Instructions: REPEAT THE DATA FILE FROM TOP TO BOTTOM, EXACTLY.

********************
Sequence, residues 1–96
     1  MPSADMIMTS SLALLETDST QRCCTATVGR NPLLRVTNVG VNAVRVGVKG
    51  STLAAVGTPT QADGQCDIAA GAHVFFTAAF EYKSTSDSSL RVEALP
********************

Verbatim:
Sequence, residues 1–96
     1  MPSADMIMTS SLALLETDST QRCCTATVGR NPLLRVTNVG VNAVRVGVKG
    51  STLAAVGTPT QADGQCDIAA GAHVFFTAAF EYKSTSDSSL RVEALP